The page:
Thus as can be seen, there remains a need for the seamless integration of FWBA and a WLAN which will provide for uninterrupted communication service regardless of location and which will eliminate any need for expensive and interruptive re-wiring of a home or business.
Accordingly, broadband radio signals, either analog or digital, are transmitted between radio antenna base stations or satellites and a fixed antenna or satellite dish mounted in a home or business. In the home or business the radio signals are processed and modulated/demodulated by RF processing and modulation/demodulation components, and then sent to or received from a wireless local area network radio transmitter/receiver. The WLAN radio transmitter/receiver is directly built onto (i.e., integrated with) the RF processing and modulation/demodulation components. The radio signals are transmitted to or received by the WLAN radio transmitter/receiver by one or more portable or stationary devices comprising the WLAN in the home or business. For transmission and receipt of the signals, each device has a transmitter/receiver and can be programmed to transmit and receive the signals on the basis of channel conditions and signal strength inside and outside of the home or business.
The present invention, including its features and advantages, will become more apparent from the following detailed description with reference to the accompanying drawings.
In the case where data communication is via antenna 6, connections to television 1, telephone 2, computer 3, and electronic device 4 through information distribution point 10 is by cable(s) 7. Each device connected to antenna 6, it should be noted, can have its own cable and/or wiring 7 such that communication lines are not crossed and interference is minimized. Further, it should be noted, of course, that antenna 6 can instead be a satellite dish. Satellite dish and/or antenna 6 are usually mounted on the roof of home 5. This causes the communication hub and information distribution point 10 to be at a high point in the home.
In the case where data communication is via cable 8, connections to television 1, telephone 2, computer 3, and electronic device 4 are through information distribution point 11 by cable 9. Once again, each device may have its own cable and/or wiring 9 such that communication lines are not crossed and interference is minimized. This wiring schematic set-up causes the communication hub and information distribution point 11 to usually be at a low point in home 5. It is to be noted, of course, that cable 9 connecting each of the electronic devices may be a copper and/or optical fiber, or may instead be wireless via radio. Thus, as can be seen, as each of the information distribution points 10 and 11 are usually hubbed to the outside data communication sources at different points, it makes it difficult and expensive to provide wiring between the two to connect them.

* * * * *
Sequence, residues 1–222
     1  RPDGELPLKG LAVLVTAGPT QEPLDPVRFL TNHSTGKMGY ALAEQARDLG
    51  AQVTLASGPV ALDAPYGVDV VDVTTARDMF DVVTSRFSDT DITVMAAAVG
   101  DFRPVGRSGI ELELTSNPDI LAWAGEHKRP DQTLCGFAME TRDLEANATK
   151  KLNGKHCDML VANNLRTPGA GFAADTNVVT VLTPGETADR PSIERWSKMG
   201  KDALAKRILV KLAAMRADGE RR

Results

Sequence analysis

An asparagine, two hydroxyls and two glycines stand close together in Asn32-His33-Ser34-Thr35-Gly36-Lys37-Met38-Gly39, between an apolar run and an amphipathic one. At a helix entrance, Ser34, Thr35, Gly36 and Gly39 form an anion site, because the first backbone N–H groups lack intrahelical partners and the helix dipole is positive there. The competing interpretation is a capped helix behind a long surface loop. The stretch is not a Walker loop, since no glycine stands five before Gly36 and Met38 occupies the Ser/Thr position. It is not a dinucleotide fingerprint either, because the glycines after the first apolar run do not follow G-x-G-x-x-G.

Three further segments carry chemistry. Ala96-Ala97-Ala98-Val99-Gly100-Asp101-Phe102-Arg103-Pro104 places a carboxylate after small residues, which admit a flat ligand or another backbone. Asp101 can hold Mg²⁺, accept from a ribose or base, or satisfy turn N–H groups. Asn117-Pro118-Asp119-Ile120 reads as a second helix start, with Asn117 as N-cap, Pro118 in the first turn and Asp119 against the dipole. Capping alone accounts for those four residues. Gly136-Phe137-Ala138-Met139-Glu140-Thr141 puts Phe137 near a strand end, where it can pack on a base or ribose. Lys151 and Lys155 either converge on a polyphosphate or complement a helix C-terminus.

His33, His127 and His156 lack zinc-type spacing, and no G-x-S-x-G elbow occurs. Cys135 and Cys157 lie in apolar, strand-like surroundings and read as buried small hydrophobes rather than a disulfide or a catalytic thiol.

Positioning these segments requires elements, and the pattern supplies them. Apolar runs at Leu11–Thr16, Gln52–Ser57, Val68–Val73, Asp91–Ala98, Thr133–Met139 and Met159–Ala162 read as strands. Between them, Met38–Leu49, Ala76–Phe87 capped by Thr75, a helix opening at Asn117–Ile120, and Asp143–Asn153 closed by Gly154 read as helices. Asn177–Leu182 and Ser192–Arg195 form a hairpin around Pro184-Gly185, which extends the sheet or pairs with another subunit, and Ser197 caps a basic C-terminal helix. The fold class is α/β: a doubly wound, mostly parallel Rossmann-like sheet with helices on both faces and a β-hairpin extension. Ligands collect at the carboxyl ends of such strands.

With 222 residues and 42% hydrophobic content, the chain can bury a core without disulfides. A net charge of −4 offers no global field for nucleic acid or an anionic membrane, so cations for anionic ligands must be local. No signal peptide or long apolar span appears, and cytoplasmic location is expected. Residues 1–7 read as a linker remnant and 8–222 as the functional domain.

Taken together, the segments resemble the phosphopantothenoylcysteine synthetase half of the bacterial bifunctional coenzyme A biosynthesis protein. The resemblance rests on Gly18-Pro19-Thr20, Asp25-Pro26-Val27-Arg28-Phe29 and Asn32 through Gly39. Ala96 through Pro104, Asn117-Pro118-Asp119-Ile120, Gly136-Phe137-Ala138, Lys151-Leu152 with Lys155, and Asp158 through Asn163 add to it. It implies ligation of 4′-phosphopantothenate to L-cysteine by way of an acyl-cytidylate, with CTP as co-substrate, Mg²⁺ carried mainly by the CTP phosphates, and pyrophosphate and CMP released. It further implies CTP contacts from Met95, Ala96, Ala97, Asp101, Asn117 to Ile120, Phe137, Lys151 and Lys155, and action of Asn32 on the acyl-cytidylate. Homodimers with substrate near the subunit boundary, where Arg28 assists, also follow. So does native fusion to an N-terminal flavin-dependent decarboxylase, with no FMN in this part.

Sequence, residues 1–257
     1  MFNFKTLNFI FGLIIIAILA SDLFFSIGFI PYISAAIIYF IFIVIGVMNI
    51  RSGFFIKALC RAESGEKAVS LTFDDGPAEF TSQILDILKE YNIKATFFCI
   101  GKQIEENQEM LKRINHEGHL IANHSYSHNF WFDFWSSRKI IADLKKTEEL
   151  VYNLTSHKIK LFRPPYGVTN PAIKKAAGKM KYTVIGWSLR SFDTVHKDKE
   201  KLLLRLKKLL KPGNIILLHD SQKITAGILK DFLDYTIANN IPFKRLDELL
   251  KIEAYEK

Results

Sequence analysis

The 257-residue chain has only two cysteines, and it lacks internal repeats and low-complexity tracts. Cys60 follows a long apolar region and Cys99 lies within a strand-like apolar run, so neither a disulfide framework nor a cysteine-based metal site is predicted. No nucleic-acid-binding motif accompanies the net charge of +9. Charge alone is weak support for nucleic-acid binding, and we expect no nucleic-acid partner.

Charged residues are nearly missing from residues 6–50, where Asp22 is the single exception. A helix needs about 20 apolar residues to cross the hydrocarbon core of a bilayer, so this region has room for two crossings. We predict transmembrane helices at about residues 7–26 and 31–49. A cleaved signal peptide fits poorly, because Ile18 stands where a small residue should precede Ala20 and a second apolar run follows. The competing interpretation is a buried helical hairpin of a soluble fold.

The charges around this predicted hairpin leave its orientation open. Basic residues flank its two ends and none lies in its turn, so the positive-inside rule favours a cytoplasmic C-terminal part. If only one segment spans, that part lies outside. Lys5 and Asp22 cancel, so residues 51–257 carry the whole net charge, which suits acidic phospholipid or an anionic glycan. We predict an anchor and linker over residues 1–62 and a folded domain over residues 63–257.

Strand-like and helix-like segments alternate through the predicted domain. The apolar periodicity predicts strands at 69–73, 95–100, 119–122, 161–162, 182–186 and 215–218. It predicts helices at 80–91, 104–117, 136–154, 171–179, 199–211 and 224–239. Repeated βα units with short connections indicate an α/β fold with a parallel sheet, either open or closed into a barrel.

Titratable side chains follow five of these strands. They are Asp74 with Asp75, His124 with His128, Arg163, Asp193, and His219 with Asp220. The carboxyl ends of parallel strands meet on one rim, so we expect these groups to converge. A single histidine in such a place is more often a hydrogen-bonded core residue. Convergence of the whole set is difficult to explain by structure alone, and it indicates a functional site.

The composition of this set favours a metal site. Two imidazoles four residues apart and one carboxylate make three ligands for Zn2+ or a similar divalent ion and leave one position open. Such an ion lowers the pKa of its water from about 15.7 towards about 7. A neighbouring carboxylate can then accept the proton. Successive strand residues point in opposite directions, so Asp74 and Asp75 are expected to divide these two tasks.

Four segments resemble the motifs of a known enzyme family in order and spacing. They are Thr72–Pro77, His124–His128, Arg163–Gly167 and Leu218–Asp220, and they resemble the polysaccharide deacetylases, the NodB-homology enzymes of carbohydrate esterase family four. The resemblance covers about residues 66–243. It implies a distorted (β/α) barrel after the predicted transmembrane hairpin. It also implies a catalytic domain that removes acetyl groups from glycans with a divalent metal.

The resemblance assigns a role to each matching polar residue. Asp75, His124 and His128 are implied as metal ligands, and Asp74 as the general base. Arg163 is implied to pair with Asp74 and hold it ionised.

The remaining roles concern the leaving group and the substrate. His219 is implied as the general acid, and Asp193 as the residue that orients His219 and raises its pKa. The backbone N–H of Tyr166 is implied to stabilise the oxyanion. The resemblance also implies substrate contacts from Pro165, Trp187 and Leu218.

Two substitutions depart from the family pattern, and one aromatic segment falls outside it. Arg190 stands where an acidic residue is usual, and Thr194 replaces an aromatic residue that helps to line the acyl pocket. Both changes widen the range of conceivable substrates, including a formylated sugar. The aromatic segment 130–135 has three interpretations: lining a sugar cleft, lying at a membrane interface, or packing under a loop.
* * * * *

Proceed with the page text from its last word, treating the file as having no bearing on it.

Referring now to
Further then, it is to be noted that alternatively, or in conjunction with the above, in the case where data communications enter the home and/or business 5 through distribution point 11 via cable 8, the integrator 20 may be connected at this point. Cable 8, as does satellite dish and/or antenna 6, can act as a conduit for the data communication from the outside data communication source. As above, integrator 20 transmits the data communication by wireless means through radio antenna 21 to television 1, telephone 2, computer 3 and/or electronic device 4. Also, as above, communication may be bi-directional.
Referring now to
In step 200 then, the current signal strength and channel interference of the signal channel through which data is being transmitted and/or received is measured. For instance, if the device is a cellular telephone and is currently transmitting and receiving data comprising a telephone conversation via a FWBA, such as from an antenna tower or satellite, the cellular telephone will measure and keep track of the strength and interference of the current signal from the antenna tower or satellite source. The cellular telephone will send such information to the integrator during an interrogation when the cellular telephone is carried into range of the integrator.
In step 300, the integrator and/or the device then determine if there are any alternate signal channel transmission/reception sources for the signal channel through which the data can be transmitted and/or received. For instance, the cellular telephone device, having measured the strength and/or interference of the channel strength from the FWBA source, will determine if an alternate signal channel source, such as a WLAN is available. This situation would arise when the device was carried from outdoor to indoor (i.e., into a home and/or business). It is to be understood, of course, that the opposite situation could also occur. That is, the cellular telephone device could be transmitting/receiving in an indoor WLAN environment and be carried outside to a FWBA environment. Further, it is to be understood that if no alternative signal channel source is identified, the step can be repeated.
At this point then, in step 400, if another signal source is identified, a determination of that signal source strength and channel interference is performed. For instance, if the cellular telephone device was carried indoors from the FWBA signal channel source, and the WLAN signal channel source was identified as being present, the integrator and/or cellular telephone device will measure the signal strength and channel interference for the WLAN source.